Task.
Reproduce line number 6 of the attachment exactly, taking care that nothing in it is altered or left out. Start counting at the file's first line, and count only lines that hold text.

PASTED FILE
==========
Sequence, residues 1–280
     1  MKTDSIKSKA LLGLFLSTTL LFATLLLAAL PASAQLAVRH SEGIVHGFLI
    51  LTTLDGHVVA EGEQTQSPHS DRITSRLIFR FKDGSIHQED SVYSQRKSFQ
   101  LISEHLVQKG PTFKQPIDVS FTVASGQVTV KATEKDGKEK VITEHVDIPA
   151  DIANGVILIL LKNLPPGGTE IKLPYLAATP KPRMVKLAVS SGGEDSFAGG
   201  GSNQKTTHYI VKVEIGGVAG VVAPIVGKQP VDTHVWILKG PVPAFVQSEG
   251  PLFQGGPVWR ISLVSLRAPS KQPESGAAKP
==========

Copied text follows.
   201  GSNQKTTHYI VKVEIGGVAG VVAPIVGKQP VDTHVWILKG PVPAFVQSEG